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Re: Debian Hardware Compatibility List

On Wed, Sep 09, 2009 at 10:33:49AM +0530, Mayank wrote:
> > It is best to see what hardware is supported by what comes in the
> > standard kernel and to choose hardware by that.
> Hi,
>    Can you please let me know how to find details of which hardware is
> supported by a particular kernel. For e.g. I'm using kernel 2.6.22-3-486 and
> this is going to be used at later stages as well. So how to go about finding
> details of hardware supported by this version of kernel.

Do I understand that right that you're using an i486 as your server?
If you look on kernel.org, there is no such kernel, so I'm guessing
you are using one that's compiled for 486s. Isn't a 486 going to make
a pretty slow server nowadays?

To find out about hardware compatibility, there are different sources
of information: google, look at linux hardware compatibility lists,
look at the hardware manufacturers website, ask on mailing
lists/forums, look at the kernel documentation, look at the help when
configuring a kernel, compile a kernel for your hardware and try it

If a hardware manufacturer provides his own modules/software for his
hardware, that usually means that the hardware is incompatible because
there's no support in the standard kernel/distribution(s). Stay away
from such hardware! Exception: NVIDIA --- but I don't put X11 on
servers, so that doesn't matter.

It's easier when you do it the other way round, i. e. when you plan on
buying a particular hardware, find out if it will work and how well
it'll work under Linux *before* you buy it.

> You are right in stating that guarantee for 100% uptime doesn't
> exist for any operating system but if some vendor is agreeing to
> provide support for a particular hardware then it relieves me of lot
> of hassles like upgradation etc. because if I land up in a serious
> problem during upgrades etc. then it's the vendor who is going to
> tackle it instead of me and I can worry more about my application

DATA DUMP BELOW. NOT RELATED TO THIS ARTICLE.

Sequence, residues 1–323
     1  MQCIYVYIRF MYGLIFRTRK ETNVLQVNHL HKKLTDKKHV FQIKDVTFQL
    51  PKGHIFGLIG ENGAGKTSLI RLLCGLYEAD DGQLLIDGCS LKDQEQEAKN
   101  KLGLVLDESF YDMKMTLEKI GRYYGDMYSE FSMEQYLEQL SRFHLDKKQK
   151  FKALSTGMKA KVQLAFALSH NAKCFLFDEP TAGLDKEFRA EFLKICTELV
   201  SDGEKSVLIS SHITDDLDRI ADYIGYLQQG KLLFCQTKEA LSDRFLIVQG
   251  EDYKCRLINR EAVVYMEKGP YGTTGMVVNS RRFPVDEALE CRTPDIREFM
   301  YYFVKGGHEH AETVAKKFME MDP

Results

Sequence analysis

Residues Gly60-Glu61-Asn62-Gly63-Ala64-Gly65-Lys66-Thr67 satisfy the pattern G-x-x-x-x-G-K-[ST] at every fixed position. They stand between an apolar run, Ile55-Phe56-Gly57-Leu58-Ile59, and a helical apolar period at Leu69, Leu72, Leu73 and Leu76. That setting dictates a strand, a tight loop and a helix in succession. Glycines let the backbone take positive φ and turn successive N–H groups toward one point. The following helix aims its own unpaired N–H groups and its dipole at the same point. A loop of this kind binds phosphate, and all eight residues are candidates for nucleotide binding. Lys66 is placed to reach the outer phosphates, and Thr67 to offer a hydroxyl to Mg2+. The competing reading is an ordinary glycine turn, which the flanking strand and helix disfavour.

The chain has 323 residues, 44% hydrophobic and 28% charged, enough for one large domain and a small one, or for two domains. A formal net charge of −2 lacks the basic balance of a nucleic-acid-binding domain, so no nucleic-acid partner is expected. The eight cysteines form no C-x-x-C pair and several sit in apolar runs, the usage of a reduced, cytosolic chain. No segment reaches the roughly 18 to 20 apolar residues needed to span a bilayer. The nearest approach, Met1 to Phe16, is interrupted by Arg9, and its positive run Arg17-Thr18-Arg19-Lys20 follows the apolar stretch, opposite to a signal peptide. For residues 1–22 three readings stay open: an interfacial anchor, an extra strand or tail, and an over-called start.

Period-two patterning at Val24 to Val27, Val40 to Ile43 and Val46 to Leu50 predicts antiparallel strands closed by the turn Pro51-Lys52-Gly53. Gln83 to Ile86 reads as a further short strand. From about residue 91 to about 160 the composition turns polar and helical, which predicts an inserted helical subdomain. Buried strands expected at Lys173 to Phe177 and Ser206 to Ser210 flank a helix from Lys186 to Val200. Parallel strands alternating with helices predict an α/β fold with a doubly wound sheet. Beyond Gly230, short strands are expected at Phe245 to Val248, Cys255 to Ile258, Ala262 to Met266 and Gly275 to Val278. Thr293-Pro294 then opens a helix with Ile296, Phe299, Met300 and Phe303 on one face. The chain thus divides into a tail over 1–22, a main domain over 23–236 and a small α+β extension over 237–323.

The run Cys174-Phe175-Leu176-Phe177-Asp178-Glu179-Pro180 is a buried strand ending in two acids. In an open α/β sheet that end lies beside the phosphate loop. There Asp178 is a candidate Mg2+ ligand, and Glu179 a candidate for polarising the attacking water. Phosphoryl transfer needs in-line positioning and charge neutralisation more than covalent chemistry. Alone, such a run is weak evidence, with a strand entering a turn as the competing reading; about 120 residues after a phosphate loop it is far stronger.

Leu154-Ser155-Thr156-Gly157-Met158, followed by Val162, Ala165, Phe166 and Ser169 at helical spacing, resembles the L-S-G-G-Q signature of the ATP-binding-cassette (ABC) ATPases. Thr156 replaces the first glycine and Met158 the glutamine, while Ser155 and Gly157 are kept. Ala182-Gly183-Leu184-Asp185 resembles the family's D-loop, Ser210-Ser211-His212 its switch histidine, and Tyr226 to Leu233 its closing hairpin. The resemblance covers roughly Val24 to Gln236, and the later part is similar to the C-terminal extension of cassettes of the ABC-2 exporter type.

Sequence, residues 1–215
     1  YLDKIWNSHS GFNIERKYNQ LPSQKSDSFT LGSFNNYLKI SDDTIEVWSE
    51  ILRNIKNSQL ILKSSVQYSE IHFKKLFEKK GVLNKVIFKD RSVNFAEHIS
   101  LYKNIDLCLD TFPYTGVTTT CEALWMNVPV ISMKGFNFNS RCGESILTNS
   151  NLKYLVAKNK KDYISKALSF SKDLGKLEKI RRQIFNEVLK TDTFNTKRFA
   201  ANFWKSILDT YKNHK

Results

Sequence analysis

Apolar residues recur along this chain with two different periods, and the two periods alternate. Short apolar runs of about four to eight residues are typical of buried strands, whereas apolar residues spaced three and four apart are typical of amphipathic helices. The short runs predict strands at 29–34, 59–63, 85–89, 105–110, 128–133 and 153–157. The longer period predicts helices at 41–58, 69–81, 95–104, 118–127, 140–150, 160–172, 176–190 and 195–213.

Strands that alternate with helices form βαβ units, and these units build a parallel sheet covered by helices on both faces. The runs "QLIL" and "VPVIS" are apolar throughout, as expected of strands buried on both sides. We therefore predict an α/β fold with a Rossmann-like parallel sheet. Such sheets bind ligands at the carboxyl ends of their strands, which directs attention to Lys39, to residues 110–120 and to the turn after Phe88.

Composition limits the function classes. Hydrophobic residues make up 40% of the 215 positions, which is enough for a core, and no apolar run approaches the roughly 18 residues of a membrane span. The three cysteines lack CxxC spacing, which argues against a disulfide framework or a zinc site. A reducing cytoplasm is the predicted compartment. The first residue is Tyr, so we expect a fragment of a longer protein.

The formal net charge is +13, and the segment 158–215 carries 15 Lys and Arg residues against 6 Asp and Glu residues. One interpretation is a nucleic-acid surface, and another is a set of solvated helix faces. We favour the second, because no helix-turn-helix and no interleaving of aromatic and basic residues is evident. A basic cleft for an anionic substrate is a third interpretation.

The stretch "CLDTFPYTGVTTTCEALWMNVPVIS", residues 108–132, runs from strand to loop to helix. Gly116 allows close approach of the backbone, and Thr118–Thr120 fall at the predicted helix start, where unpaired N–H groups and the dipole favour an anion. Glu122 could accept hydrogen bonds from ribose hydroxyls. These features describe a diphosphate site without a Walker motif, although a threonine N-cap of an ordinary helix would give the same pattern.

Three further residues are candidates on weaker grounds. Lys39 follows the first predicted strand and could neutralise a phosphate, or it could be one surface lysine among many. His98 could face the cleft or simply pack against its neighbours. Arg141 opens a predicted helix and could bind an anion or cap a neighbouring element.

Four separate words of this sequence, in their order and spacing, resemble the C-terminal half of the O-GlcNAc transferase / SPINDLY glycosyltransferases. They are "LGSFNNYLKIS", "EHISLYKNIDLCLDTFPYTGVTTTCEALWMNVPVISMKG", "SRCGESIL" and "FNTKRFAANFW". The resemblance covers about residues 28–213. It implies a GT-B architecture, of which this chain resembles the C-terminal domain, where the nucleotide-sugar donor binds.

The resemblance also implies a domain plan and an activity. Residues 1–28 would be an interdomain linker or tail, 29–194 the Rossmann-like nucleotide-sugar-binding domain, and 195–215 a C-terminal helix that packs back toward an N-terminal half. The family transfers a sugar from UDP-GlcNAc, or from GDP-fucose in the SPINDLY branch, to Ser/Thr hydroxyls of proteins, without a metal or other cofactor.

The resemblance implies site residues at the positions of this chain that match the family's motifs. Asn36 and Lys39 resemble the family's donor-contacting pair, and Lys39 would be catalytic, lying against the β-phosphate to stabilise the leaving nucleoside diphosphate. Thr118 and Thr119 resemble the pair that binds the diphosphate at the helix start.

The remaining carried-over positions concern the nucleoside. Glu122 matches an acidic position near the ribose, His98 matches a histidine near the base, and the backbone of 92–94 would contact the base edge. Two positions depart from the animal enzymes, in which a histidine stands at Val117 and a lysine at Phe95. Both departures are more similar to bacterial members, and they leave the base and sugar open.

> that I'm going to deploy on the server instead of handling the nitty
> gritties of operating system problems. Hope you are able to
> understand.

In theory, maybe, perhaps. It would involve the manufacturer actually
sending someone to come around to fix your problem. It would assume
that they are actually willing and able to fix the problem. It would
require that they don't say something like "The hardware is working
just fine, it's a software problem, we won't fix it".

Besides, uptime percentage and something working as intended are two
different things. I've always strived to make it so that the software
will continue to run indefinitely, i. e. until the hardware fails, and
I've done that pretty successfully. I've had hardware failing, like
disks and tape drives wearing out, but not the software. That's only
to a very small part my achievement because I didn't write the
software, of course. In part, it's luck, another part is making good
choices, and it is imperative to keep things as simple as possible. If
you don't do that, you'll become unable to handle them.

If you build your servers yourself, there isn't going to be a
manufacturer who eventually fixes it for you. But you can make it so
that it works and that parts are easy to get and to replace. If you
need 100% uptime, you'll have to set up a cluster.

As to problems due to software upgrades, you may want to have a test
system ready and perform upgrades on the test environment before
touching the life system.

And you can expect the hardware to fail, no matter who manufactured
it. If you require special hardware, you'll have to wait on
replacements --- and I've seen it taking like 6 months before the
manufacturer finally was able to replace a tape drive under warranty!
Use (as much as possible) "normal" hardware you can get in the
computer store around the corner, and you don't have that problem
because you can get a replacement right away.

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